Transcriptome Profiling Reveals Degree of Variability in Induced Pluripotent Stem Cell Lines: Impact for Human Disease Modeling2015In: Cellular Reprogramming, ISSN 2152-4971, E-ISSN 2152-4998, Vol. 17, no 5, p. 327-337Article in journal (Refereed)
    Abstract [en]

    Induced pluripotent stem cell (iPSC) technology has become an important tool for disease modeling. Insufficient data on the variability among iPSC lines derived from a single somatic parental cell line have in practice led to generation and analysis of several, usually three, iPSC sister lines from each parental cell line. We established iPSC lines from a human fibroblast line (HDF-K1) and used transcriptome sequencing to investigate the variation among three sister lines (iPSC-K1A, B, and C). For comparison, we analyzed the transcriptome of an iPSC line (iPSC-K5B) derived from a different fibroblast line (HDF-K5), a human embryonic stem cell (ESC) line (ESC-HS181), as well as the two parental fibroblast lines. All iPSC lines fulfilled stringent criteria for pluripotency. In an unbiased cluster analysis, all stem cell lines (four iPSCs and one ESC) clustered together as opposed to the parental fibroblasts. The transcriptome profiles of the three iPSC sister lines were indistinguishable from each other, and functional pathway analysis did not reveal any significant hits. In contrast, the expression profiles of the ESC line and the iPSC-K5B line were distinct from that of the sister lines iPSC-K1A, B, and C. Differentiation to embryoid bodies and subsequent analysis of germ layer markers in the five stem cell clones confirmed that the distribution of their expression profiles was retained. Taken together, our observations stress the importance of using iPSCs of different parental origin rather than several sister iPSC lines to distinguish disease-associated mechanisms from genetic background effects in disease modeling.

  • 23.
    Schuster, Jens
    et al.
    Uppsala University, Disciplinary Domain of Medicine and Pharmacy, Faculty of Medicine, Department of Genetics and Pathology.
    Karlsson, Teresia
    Uppsala University, Disciplinary Domain of Medicine and Pharmacy, Faculty of Medicine, Department of Genetics and Pathology.
    Karlström, Per-Olof
    Uppsala University, Disciplinary Domain of Medicine and Pharmacy, Faculty of Medicine, Department of Women's and Children's Health.
    Poromaa, Inger Sundström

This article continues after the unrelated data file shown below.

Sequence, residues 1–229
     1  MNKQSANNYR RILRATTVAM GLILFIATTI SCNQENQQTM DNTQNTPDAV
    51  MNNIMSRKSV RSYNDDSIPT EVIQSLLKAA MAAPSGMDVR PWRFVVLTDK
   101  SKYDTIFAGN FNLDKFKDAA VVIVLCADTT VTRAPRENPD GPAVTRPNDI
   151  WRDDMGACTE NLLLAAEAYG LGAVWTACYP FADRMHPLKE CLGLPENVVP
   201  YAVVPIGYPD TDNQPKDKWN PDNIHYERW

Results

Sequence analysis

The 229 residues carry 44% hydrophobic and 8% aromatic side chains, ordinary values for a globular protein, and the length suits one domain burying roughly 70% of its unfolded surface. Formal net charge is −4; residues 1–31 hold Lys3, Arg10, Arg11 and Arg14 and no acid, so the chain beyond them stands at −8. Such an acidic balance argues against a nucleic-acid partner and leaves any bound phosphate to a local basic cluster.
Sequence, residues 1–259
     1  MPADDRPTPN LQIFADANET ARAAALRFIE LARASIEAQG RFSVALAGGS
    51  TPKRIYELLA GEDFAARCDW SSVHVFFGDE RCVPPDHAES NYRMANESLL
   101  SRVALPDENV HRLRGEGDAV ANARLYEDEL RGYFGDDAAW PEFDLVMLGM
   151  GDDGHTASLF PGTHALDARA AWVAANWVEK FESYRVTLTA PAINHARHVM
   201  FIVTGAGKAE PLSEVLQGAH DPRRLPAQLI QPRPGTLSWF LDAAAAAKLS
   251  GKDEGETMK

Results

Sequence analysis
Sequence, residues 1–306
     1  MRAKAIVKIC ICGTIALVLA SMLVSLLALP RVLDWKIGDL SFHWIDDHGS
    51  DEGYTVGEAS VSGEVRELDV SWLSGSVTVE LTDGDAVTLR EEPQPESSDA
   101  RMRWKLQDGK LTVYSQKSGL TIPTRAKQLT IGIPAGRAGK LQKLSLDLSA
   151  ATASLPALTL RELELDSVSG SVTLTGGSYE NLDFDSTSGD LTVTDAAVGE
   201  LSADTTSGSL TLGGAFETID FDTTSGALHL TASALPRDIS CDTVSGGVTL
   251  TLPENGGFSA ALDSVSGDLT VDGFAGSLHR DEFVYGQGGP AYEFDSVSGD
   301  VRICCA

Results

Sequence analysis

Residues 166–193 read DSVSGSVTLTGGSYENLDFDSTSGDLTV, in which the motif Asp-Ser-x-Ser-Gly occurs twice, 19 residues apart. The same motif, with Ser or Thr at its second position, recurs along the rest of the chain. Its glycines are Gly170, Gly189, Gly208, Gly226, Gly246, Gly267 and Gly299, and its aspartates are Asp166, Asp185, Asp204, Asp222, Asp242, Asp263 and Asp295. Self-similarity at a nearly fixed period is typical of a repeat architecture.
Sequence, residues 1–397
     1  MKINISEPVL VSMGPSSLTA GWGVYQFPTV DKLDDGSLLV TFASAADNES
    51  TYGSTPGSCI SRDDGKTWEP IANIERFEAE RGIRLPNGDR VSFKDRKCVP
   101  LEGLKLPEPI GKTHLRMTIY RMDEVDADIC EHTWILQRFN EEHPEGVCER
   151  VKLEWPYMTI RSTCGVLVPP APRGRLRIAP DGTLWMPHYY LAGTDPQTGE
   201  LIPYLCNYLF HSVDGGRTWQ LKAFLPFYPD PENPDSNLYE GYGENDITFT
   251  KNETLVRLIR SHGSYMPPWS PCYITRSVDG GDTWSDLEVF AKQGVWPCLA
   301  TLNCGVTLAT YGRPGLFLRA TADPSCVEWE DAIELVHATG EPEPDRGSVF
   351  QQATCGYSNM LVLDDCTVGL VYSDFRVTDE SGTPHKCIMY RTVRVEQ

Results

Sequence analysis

Uppsala University, Disciplinary Domain of Medicine and Pharmacy, Faculty of Medicine, Department of Women's and Children's Health.
    Dahl, Niklas
    Uppsala University, Disciplinary Domain of Medicine and Pharmacy, Faculty of Medicine, Department of Genetics and Pathology.
    Down-regulation of progesterone receptor membrane component 1 (PGRMC1) in peripheral nucleated blood cells associated with premature ovarian failure (POF) and polycystic ovary syndrome (PCOS)2010In: Reproductive Biology and Endocrinology, ISSN 1477-7827, E-ISSN 1477-7827, Vol. 8, p. 58-Article in journal (Refereed)
    Abstract [en]

    BACKGROUND: Progesterone receptor membrane component 1 (PGRMC1) is a member of a progesterone-binding complex implicated in female reproduction. We aimed i) to determine the natural expression of PGRMC1 in peripheral nucleated blood cells throughout the menstrual cycle and ii) to investigate any association between PGRMC1 levels in leukocytes and conditions characterized by reduced fertility. METHODS: We analyzed PGRMC1 expression in peripheral leukocytes from 15 healthy cycling women over four weeks. Additionally, we determined PGRMC1 levels in samples from patients with premature ovarian failure (POF) and polycystic ovary syndrome (PCOS) as well as in healthy postmenopausal women and male controls. The levels of PGRMC1 protein in nucleated peripheral blood cells were quantified by Western blot analysis. RESULTS: PGRMC1 levels did not vary significantly throughout the menstrual cycle. We observed a significant down-regulation of PGRMC1 in postmenopausal women and in patients with premature ovarian failure (POF) and polycystic ovary syndrome (PCOS) when compared to early follicular phase of healthy women. CONCLUSION: This study suggests that reduced levels of PGRMC1 in peripheral leukocytes are associated with perturbed ovulatory function.

  • 24.
    Schuster, Jens
    et al.
    Uppsala University, Disciplinary Domain of Medicine and Pharmacy, Faculty of Medicine, Department of Immunology, Genetics and Pathology, Medicinsk genetik och genomik.
    Khan, Tahir Naeem
    Tariq, Muhammad
    Shaiq, Pakeeza Arzoo
    Uppsala University, Disciplinary Domain of Medicine and Pharmacy, Faculty of Medicine, Department of Immunology, Genetics and Pathology, Medicinsk genetik och genomik.
    Mäbert, Katrin
    Uppsala University, Disciplinary Domain of Medicine and Pharmacy, Faculty of Medicine, Department of Immunology, Genetics and Pathology, Medicinsk genetik och genomik.
    Baig, Shahid Mahmood
    Klar, Joakim
    Uppsala University, Disciplinary Domain of Medicine and Pharmacy, Faculty of Medicine, Department of Immunology, Genetics and Pathology, Medicinsk genetik och genomik. Uppsala University.
    Exome sequencing circumvents missing clinical data and identifies a BSCL2 mutation in congenital lipodystrophy2014In: BMC Medical Genetics, ISSN 1471-2350, E-ISSN 1471-2350, Vol. 15, article id 71Article in journal (Refereed)
    Abstract [en]

    BACKGROUND: Exome sequencing has become more and more affordable and the technique has emerged as an important diagnostic tool for monogenic disorders at early stages of investigations, in particular when clinical information is limited or unspecific as well as in cases of genetic heterogeneity.